Samuel Cox (SC): Can you give me the BLUF (bottom line up front) of Good Soldiering?
Sean Parkes (SP): Good Soldiering promotes an enduring culture of optimal performance: as individuals, as teams and as an Army. The 21st Century combat team needs an open architecture approach: one that can quickly integrate new team members from well outside Army, including from joint, academic, industry and other partners, to deliver effects at short notice.
We’re now linking culture to capability. Optimising culture can realise extra potential and performance; it is why companies and sporting teams focus on their culture to develop a competitive edge.
It’s simple: do you want to be on a winning (high performance) team on the future battlefield? If so, then you need to recognise that culture is incredibly important. Good Soldiering is Army being proactive on its culture because, just as you can’t surge trust, you can’t surge an optimal culture. It takes time and deliberate effort.
SC: Does the current 2-3 year posting cycle enable cultural development to be supported and progressed, or does change only lead to uncertainty and confusion?
SP: We need to be comfortable with change. Army’s teams will have to aggregate and disaggregate really quickly, particularly on the future battlefield. We need to judge our people based on their capability to achieve that. That willingness to team quickly will actually work well with the posting cycle as people will understand they need to build relationships and trust really quickly in order to deliver on a team mission or task.
SC: What is meant by ‘followership’?
SP: A good follower brings a high level of individual readiness, professionalism, fitness, health, and mental wellbeing to the team. A lot of people in our Army don’t understand this is one of their responsibilities to their chain of command. There is an interdependence between achieving good leadership through good followership.
We strive to develop excellent leadership, but where do we develop followership? That’s actually a huge part of what we do when we’re supporting our boss and our chain of command. We need to shift our mindset and hold ourselves accountable as professional followers.
Retired General Stanley McChrystal [a former U.S. commander of the International Security Assistance Force in Afghanistan] talks about flattening hierarchical structures in favour of shared consciousness and de-centralised responsibility held at the junior level. But that only works with professional followership. Our Army hasn’t mastered this yet, but democratising responsibility to trusted followers (which is true mission command) is one of the ways we’ll continue to punch above our weight to achieve exponential effects and outcomes.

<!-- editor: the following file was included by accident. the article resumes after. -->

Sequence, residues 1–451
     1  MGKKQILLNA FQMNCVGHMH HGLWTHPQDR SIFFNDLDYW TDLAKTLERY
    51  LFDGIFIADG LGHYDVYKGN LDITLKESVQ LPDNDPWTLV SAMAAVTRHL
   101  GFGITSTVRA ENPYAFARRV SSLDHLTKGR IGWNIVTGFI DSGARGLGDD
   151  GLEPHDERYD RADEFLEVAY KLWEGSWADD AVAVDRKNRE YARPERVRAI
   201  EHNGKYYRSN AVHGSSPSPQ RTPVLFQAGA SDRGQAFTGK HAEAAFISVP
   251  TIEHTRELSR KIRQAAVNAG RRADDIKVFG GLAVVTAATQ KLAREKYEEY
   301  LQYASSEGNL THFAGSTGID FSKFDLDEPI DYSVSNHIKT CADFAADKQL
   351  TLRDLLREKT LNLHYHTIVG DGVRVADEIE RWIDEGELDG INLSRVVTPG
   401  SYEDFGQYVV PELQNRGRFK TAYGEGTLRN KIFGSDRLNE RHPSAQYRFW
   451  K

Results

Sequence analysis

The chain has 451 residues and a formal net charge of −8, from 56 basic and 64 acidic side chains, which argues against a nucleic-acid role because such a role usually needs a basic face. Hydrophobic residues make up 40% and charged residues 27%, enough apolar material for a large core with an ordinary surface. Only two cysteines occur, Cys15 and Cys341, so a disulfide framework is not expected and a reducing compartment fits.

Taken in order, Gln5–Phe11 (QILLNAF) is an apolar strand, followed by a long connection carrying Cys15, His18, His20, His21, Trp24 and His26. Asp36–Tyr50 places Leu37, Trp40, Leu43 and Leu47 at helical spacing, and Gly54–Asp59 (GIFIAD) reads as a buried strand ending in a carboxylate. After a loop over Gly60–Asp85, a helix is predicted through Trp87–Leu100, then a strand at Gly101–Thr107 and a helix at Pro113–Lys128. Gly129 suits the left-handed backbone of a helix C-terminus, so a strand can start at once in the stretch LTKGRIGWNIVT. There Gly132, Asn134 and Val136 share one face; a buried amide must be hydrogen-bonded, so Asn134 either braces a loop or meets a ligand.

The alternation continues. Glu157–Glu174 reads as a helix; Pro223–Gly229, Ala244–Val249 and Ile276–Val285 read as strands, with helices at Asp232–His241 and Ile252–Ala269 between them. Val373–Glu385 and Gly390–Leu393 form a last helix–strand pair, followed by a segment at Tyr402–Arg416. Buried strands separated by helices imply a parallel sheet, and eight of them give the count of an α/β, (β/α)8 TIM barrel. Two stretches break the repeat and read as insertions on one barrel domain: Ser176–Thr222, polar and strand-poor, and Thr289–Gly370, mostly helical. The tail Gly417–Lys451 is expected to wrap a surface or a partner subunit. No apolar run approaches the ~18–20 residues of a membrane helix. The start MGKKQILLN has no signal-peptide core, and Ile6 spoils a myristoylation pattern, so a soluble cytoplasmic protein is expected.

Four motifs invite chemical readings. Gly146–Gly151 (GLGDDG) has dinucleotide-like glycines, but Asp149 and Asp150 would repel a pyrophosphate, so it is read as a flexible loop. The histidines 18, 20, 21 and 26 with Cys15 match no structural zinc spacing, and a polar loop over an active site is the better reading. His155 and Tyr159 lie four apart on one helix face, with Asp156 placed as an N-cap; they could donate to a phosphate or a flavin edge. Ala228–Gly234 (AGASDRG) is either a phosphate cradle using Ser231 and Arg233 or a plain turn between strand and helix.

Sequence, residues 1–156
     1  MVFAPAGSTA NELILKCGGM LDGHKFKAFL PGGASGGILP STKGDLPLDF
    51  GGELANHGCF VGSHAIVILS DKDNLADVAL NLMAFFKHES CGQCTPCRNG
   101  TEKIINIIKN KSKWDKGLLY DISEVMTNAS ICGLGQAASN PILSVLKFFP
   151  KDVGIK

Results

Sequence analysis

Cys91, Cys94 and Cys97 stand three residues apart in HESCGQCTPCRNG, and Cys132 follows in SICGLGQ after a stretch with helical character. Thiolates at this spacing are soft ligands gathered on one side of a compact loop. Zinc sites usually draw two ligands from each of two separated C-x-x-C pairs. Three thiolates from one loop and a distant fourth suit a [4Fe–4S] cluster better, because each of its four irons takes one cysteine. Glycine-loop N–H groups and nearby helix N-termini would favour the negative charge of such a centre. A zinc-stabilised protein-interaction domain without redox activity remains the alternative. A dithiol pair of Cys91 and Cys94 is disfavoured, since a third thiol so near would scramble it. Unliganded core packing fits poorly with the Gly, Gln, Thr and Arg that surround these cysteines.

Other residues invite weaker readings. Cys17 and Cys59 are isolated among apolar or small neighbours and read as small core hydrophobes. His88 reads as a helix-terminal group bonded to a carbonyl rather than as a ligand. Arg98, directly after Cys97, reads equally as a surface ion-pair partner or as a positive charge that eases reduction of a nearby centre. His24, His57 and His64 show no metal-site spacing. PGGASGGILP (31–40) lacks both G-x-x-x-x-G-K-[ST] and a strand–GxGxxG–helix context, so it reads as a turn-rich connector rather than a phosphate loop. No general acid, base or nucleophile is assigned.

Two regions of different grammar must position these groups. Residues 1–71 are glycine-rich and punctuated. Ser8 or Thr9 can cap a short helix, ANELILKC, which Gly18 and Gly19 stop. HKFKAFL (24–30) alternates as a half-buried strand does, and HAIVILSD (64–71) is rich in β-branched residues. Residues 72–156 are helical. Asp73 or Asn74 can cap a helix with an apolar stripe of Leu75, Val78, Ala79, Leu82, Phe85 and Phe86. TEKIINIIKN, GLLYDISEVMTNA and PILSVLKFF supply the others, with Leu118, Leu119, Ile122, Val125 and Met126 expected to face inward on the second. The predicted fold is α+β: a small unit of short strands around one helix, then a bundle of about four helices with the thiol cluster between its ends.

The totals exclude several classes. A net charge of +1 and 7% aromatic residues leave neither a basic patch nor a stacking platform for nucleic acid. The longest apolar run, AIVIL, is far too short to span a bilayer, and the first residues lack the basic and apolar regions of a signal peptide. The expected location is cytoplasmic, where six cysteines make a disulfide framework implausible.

SC: What do you think is the most important issue facing Army right now?
SP: The fight for talent. A middle power army punches above its weight when it accumulates talent. We are competing to recruit from a limited national resource pool of people who can serve in the current Army. With talent you can do pretty much anything, so having the best workforce possible, teamed with technology, with the right culture, for the size of the army we’ve got, is key. Culture is a key recruiting and retention mechanism. Everyone wants to be part of a winning team. A great service with a great culture becomes an employer of choice.
The full interview with Colonel Sean Parkes continues here.
Colonel Sean Parkes has had a range of command and staff appointments in Army and the Army Joint Staff, and an industry outplacement with General Motors Holden. He has commanded at all ranks, including Unit and Task Group, and with multiple operational service tours in East Timor, Iraq and Afghanistan. He has been awarded the Distinguished Service Cross, Distinguished Service Medal and a Commendation for Distinguished Service. He has served as the Director of Workforce Strategy in Army Headquarters.
It helps to know what is happening when you challenge the accepted. 10in10 is an interview series designed to share insight into future-leaning work across the Australian profession of arms. One interview will be released every day for 10 days. You can find previous interviews here.
About the Author: Samuel J. Cox is the editor of Grounded Curiosity. You can follow him on Twitter via the handle @samuel_j_cox